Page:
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Teaching the basis of articulation
Piers Messum
In Speak Out! 46, Constantine Borissoff (2012) argued that we should restore the original meaning to the phrase ‘basis of articulation’ (BoA), and amend our use of the phrase ‘articulatory setting’ (AS). BoA should refer to the basic positioning of just the tongue for a given language, he suggests, while AS should be used not as a synonym for this but instead to describe the characteristic setting of all the articulators – lips, vocal folds, etc – for a given language. Borissoff adopted Hardcastle’s (1976:101) division of the muscles of the tongue into a Tongue Body system and a Tip-Blade system, with the former serving as the ‘positioning agent’ for the latter. He adapted some ‘stick man’ pictures from Lindblom (1983) to illustrate the BoA concept as it would apply in different languages. For teaching purposes, I think it would be useful to further adapt these pictures. My (photocopiable) suggestion for this is on the next page. At the simplest level, the pictures can be used to illustrate the basic point that the way we position ourselves makes certain tasks easier. So in the top two pictures the man is well positioned to clean the right hand pane but not the middle pane, for which he has to cross his arm awkwardly in front of his chest. The solution, in the bottom picture, is to reposition his whole body, and we can tell our learners that we make it easier to pronounce English if we reposition the ‘body’ of our tongues for the particular demands that this language makes. If Honikman (1963) and others are correct, then most of our learners will be speakers of languages where the blade of the tongue is used to contact the alveolar ridge in the production of [t] [d] [n] and [l]-type sounds. Laver (1980:23) describes this arrangement as part of his ‘neutral’ or typical configuration of the supralaryngeal tract. (The tongue tip will then most naturally come into contact with the back of the upper front teeth which means that they are sometimes called ‘dentals’.) The pictures illustrate this if one imagines them mapping onto a right facing head, as Borissoff also did. Then for most of our learners, the top picture shows the positioning

of their tongue tip during, for example, a /t/. The right hand pane of glass is then the area behind the upper front teeth and the man’s right hand is the tongue tip. With the tongue body set for this BoA, it is unnatural to use the tip, rather than the blade, to strike the alveolar ridge for alveolar consonants in English. As in the middle picture, it involves an awkward manoeuvre. The solution is to draw the body back (for the man to move leftwards in the bottom picture) so that the “sides [of the tongue] rest along the inner surface of the upper lateral gums and teeth” as Honikman described it. She noted that in English, [T]he lateral rims of the tongue very seldom entirely leave this part of the roof of the mouth, whereas the tip constantly … moves up and down. Thus, one might regard the tethered part — in this case, the lateral contact — as the anchorage, and the untethered part as the free or operative part of the tongue-setting. In Messum (2010) I argued that the most plausible mechanism by which English-speaking children come to adopt the English BoA is as a by-product of the distinctive style of speech breathing they develop to implement sentence stress in English. Whether this or another explanation is correct, from a teaching point of view we need an economical way of drawing our students’ attention to their tongue position when we suspect it has reverted to the L1 ‘home’, and pointing at these pictures can serve that purpose.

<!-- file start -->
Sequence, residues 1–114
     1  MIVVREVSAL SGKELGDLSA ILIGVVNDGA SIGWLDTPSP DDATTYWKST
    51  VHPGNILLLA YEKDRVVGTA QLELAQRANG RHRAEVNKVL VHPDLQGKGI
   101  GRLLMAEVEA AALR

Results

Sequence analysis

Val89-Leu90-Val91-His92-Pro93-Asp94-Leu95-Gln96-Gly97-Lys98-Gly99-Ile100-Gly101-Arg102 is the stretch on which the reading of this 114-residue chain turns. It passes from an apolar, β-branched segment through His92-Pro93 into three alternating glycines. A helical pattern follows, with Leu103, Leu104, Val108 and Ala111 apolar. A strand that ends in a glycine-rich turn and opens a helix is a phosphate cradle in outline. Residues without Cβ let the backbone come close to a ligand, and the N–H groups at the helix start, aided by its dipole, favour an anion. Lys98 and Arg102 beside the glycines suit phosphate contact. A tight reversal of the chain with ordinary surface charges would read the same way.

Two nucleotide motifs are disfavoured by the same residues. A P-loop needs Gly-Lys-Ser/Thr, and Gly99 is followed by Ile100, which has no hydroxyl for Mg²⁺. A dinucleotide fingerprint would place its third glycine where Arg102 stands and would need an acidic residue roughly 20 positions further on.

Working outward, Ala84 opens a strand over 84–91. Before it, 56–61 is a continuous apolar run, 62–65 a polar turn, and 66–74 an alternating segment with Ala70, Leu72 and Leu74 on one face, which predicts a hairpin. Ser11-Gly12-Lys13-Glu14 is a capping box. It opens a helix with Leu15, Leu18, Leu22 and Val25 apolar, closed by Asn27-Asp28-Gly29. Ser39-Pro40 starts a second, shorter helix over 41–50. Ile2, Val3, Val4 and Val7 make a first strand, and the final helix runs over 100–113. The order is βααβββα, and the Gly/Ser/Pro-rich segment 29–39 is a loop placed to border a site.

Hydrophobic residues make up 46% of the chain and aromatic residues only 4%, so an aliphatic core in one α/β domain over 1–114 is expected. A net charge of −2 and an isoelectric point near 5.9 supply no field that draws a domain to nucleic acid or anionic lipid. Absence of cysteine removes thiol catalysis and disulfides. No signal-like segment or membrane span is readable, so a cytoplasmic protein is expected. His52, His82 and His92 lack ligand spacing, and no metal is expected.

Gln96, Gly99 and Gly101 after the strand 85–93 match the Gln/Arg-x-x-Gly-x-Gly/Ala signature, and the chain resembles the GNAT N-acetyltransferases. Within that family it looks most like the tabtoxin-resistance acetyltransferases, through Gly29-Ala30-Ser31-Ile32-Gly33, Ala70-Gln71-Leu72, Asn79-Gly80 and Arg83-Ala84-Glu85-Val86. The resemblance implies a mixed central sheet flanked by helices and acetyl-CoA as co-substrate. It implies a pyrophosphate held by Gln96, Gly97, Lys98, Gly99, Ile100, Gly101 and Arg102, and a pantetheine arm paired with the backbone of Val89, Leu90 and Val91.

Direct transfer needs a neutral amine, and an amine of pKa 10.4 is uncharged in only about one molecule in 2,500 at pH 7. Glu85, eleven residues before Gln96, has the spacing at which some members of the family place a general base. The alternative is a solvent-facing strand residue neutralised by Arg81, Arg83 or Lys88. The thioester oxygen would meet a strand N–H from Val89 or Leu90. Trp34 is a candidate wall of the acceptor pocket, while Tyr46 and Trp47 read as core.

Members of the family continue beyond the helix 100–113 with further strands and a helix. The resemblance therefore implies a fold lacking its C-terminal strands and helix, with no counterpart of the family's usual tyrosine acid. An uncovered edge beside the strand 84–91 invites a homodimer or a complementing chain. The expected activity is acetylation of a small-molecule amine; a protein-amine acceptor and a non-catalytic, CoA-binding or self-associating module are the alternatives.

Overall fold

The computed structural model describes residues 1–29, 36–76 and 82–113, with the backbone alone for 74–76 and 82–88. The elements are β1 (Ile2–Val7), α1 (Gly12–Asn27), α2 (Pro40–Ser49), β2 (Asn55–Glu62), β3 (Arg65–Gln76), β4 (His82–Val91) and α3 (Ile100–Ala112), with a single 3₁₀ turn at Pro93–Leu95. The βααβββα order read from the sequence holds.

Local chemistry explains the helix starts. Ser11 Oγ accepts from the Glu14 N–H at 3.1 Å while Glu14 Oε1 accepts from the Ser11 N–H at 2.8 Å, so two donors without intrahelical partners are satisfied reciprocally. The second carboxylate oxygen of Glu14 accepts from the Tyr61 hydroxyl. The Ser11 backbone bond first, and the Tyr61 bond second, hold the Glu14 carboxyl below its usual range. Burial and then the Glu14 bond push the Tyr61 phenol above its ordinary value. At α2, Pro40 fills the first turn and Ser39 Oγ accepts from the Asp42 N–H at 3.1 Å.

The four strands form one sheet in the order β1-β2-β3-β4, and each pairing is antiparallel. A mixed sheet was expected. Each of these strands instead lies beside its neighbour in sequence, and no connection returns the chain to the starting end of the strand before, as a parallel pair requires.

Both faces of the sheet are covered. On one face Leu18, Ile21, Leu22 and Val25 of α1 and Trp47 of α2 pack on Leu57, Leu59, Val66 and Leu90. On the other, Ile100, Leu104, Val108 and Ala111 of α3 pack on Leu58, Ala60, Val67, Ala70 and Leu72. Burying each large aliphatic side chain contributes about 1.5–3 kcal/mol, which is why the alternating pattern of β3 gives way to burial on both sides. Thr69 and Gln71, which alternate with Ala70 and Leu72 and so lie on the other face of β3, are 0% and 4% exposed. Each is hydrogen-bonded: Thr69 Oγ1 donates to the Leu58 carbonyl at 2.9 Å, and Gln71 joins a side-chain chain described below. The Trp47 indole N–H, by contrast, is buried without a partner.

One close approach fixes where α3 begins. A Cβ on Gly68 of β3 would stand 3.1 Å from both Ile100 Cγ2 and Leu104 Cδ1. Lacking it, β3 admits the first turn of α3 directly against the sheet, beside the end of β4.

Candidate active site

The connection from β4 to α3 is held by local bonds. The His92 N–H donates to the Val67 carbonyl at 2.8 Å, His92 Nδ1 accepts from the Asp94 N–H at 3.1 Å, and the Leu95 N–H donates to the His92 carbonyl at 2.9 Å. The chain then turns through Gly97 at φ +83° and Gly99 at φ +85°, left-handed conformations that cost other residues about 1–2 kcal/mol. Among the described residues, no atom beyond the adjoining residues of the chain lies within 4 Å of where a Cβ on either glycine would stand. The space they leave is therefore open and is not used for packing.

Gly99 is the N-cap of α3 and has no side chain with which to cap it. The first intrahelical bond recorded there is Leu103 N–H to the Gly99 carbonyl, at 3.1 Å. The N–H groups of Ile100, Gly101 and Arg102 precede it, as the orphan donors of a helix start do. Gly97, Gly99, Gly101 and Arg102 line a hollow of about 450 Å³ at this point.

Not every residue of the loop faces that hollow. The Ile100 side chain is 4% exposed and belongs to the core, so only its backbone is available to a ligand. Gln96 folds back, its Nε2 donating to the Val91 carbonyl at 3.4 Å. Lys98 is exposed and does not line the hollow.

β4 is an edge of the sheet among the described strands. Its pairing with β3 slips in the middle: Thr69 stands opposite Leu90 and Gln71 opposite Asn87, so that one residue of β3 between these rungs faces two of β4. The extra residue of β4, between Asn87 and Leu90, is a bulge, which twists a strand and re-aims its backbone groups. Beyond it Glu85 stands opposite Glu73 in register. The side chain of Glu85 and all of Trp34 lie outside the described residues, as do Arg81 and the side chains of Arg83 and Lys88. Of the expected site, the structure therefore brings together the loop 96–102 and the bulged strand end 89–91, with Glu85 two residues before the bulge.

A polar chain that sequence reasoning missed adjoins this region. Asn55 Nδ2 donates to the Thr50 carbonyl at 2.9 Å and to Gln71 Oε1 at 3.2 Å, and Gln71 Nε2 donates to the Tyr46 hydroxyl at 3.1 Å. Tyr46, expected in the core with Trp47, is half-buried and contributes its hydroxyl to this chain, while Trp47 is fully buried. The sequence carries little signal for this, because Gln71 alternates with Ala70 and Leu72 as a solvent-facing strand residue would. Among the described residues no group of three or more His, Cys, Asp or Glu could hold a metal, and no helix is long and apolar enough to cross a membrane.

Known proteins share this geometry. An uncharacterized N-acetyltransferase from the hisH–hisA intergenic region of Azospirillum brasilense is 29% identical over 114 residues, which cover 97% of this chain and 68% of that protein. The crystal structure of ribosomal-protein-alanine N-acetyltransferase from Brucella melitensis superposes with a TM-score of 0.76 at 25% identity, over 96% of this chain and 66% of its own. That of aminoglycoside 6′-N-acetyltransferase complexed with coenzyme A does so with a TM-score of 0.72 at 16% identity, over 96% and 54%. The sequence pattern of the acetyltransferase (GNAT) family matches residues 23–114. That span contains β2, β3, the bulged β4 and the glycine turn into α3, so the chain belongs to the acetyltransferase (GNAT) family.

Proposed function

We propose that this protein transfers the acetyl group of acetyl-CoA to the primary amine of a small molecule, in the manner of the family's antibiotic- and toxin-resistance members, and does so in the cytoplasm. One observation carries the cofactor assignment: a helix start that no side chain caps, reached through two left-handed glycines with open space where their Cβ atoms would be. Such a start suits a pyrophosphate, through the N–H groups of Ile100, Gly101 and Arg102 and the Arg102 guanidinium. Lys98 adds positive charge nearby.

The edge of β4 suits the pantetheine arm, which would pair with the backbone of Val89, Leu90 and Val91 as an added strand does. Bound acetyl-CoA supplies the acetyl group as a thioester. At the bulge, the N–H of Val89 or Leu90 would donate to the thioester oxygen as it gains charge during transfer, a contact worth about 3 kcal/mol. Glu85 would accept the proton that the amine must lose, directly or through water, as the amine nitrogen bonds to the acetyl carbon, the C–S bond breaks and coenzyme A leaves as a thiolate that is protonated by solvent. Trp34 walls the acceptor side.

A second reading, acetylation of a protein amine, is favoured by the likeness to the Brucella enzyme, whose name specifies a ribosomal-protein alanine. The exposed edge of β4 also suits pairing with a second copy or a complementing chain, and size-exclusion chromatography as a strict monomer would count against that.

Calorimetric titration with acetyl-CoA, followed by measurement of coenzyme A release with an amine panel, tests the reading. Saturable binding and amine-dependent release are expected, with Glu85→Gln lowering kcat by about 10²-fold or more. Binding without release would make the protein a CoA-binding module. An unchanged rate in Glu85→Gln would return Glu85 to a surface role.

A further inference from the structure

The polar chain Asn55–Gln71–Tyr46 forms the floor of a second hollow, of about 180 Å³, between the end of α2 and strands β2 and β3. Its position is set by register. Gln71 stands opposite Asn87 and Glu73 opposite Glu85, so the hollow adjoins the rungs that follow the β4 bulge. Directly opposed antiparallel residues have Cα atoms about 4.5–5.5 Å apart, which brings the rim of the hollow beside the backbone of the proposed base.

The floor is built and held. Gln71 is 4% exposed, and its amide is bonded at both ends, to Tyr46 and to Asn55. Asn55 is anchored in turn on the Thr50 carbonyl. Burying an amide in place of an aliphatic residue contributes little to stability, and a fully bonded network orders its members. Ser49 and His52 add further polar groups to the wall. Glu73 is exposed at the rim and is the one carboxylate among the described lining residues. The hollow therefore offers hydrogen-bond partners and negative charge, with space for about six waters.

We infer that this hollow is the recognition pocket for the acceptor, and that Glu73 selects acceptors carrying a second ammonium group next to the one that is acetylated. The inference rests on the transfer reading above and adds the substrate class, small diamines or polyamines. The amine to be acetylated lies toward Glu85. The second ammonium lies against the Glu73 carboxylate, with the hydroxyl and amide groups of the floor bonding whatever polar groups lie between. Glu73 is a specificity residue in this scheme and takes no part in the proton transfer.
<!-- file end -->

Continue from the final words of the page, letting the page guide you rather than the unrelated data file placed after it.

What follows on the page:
References
Borissoff, C. (2012). Basis of Articulation or Articulatory Setting? Speak Out! (Whitstable, IATEFL) 46, 9-13. Hardcastle, W. (1976) Physiology of speech production. London: Academic Press Honikman, B. (1964). Articulatory Settings. In Abercrombie, D. (Ed.) In Honour of Daniel Jones. London: Longman. Laver, J. (1980). The Phonetic Description of Voice Quality. CUP. Lindblom, B. (1983). Economy of speech gestures. In P.F. MacNeilage (ed.), The Production of Speech. New York: Springer, 217-246. Messum, P.R. (2009). Grounding stress in expiratory activity. Speak Out! (Whitstable, IATEFL) 41, 12-16. Messum, P.R. (2010). ‘Understanding and teaching the English articulatory setting’ Speak Out! (Whitstable, IATEFL) 43, 20-24.

Piers Messum is a freelance teacher from London with a PhD from the Department of Phonetics at UCL. His teaching articles can be found at www.pronsci.com and he can be contacted at p.messum@gmail.com

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Speak Out! (IATEFL Pronunciation Special Interest Group Newsletter) Issue 47, September 2012

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Speak Out! (IATEFL Pronunciation Special Interest Group Newsletter) Issue 47, September 2012

Changing the ‘basis of articulation’ for a task. (Piers Messum, 2012, with acknowledgements to Lindblom, 1983)